Don't tell me you sold all your shares in Red Tape International, the leading producer of the red tape used in government.
Sure, it made sense to sell at the top of the market, knowing every governor in the country has vowed to reduce or eliminate its use, including our own.
Who knew, however, that while the governor was preparing to burn great piles of it on the Blaine House lawn, some legislators would be intent on wrapping more job-killing red tape around a seemingly bright spot in the state's economy.
Perhaps the market for red tape is not yet dead.
Several lawmakers already have submitted legislation designed to slow down and add more steps to locating a wind turbine in Maine.
Several weeks ago, former governor and current wind-power developer Angus King visited our offices to talk about the project he hopes to complete in Highland Plantation.
King came armed with a couple of props in a box, two 6-inch binders stuffed with paper, representing the research his firm has generated to meet state standards and requirements.
The cost of that paperwork: $5 million. That's all money spent before a project is approved or sited, money that would simply be lost by the company's investors if the project does not proceed.
King wasn't complaining about that, simply making a point that wind projects are not spread willy-nilly across the landscape.
The new legislation has not yet taken shape, but it is expected to have the usual components of red tape — more steps, more time and more expense.
It has been filed on behalf of wind-power opponents who really don't care how projects are killed, as long as they are killed.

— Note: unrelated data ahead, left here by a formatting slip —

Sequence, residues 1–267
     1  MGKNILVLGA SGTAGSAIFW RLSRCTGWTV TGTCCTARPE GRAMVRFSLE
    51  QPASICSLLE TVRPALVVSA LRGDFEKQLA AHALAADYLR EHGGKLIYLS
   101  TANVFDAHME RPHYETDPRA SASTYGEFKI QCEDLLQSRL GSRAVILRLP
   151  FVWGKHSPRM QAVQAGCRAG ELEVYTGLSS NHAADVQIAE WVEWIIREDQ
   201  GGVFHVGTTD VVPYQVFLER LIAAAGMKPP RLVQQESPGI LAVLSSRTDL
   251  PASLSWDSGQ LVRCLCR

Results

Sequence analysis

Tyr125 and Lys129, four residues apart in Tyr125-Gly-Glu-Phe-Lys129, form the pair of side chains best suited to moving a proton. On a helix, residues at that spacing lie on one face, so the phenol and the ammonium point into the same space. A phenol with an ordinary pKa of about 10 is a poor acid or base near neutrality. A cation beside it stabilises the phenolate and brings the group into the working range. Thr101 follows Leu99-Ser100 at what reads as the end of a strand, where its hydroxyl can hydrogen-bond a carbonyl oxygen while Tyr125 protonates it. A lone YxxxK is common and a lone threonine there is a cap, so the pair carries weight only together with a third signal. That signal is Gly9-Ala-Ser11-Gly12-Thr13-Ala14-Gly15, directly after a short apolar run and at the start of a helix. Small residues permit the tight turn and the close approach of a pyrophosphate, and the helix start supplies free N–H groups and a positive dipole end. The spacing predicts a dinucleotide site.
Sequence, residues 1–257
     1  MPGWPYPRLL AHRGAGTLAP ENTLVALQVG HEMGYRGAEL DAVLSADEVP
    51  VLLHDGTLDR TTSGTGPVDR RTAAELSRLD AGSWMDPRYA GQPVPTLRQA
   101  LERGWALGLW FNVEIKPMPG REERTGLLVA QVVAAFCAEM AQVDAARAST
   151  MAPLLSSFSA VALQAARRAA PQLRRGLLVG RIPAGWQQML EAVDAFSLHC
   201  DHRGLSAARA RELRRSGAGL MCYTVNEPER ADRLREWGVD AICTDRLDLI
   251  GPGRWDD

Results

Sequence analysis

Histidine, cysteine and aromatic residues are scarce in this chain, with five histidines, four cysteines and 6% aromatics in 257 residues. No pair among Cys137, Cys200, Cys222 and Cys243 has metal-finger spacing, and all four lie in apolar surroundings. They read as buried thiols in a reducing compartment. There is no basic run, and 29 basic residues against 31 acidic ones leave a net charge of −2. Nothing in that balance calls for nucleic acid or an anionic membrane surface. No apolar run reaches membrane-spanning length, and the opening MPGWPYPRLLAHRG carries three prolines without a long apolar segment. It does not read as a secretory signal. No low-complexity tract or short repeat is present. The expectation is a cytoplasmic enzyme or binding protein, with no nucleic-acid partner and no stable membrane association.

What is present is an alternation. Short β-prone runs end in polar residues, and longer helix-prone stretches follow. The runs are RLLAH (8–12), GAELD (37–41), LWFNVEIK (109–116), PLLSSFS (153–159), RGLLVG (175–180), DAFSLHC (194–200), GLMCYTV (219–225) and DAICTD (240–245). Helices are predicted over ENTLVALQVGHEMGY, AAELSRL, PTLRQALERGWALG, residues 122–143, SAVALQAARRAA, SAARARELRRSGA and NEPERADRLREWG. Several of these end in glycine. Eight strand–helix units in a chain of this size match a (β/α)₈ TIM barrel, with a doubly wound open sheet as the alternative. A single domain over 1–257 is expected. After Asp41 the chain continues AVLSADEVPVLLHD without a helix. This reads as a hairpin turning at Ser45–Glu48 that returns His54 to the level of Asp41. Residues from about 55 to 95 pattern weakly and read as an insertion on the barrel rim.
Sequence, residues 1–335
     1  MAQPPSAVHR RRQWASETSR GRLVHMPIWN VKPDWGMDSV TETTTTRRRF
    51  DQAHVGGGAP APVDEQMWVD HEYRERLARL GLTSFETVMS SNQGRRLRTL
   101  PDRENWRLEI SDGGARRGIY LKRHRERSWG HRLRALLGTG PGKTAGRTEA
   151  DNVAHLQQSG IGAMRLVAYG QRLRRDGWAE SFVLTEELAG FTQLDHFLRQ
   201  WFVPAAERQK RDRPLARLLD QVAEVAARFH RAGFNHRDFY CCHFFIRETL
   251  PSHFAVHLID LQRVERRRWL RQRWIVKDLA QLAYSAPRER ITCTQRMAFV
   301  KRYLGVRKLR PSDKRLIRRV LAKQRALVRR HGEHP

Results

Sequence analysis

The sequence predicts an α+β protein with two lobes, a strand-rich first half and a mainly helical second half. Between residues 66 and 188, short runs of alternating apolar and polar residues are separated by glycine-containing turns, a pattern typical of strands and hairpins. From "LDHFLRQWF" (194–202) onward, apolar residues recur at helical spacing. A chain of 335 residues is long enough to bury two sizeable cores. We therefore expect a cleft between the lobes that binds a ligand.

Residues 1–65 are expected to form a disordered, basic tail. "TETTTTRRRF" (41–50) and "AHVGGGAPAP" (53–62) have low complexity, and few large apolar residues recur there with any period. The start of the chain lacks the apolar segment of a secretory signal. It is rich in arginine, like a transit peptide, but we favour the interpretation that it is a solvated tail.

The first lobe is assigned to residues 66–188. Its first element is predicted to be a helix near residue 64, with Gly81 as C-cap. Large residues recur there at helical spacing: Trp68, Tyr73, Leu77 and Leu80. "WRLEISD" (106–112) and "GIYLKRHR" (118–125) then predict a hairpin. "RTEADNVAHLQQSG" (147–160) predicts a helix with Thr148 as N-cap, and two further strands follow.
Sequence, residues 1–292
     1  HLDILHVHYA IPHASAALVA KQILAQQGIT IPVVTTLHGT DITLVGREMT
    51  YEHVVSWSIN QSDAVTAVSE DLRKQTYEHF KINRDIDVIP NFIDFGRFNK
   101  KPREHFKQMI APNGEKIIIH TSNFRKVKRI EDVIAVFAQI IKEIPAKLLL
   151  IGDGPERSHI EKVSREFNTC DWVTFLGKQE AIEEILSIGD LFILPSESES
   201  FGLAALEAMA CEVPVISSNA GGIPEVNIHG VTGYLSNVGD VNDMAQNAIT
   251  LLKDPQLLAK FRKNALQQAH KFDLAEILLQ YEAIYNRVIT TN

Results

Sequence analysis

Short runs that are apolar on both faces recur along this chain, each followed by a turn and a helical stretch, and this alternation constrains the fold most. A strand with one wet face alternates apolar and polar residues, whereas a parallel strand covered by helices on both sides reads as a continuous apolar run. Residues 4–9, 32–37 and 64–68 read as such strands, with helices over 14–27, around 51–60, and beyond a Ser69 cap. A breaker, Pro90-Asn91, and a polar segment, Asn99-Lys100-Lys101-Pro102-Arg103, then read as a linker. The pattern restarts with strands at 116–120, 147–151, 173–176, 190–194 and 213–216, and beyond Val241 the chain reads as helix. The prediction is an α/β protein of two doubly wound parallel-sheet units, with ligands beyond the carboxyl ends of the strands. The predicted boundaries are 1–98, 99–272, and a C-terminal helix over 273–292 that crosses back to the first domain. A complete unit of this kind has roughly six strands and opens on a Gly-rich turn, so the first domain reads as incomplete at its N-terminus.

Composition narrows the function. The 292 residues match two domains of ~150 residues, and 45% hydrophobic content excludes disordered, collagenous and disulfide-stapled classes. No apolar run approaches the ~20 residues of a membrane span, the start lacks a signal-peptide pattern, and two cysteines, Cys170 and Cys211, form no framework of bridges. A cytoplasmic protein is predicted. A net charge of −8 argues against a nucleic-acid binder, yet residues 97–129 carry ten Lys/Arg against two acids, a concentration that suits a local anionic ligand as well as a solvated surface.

Ironically, Maine's Wind Energy Act of 2008 was an attempt by Gov. LePage's predecessor, Gov. John Baldacci, to cut red tape, speed up the process and create jobs for Mainers.
It sets up limited areas in Maine where a well-defined process can be used for siting wind projects. In other words, it was designed to cut red tape.
Here's where you can go; here's what you need to do. Simple.
What's happening now is more illustrative than surprising and shows why red tape always multiplies.
Like many issues government handles, this one is contentious. If a legislator or even a constituent doesn't want something to happen, there is always another study, report, hearing or regulation that can be done.
It is always better to have more information than less, right? And the Legislature has always been generous with its red tape.
Time, however, is money. And, of course, money is money. Every new step, new report, new expert or new hearing adds a little delay or expense to a project.
Until, of course, you reach a tipping point where the project becomes unfeasible.
In 2008, Maine made a decision that was, and continues to be, supported by Maine people — push forward with wind power.
If the current Legislature thinks wind power isn't good for Maine, it can repeal the Wind Energy Act.
What it should not do is simply wrap wind power in more red tape.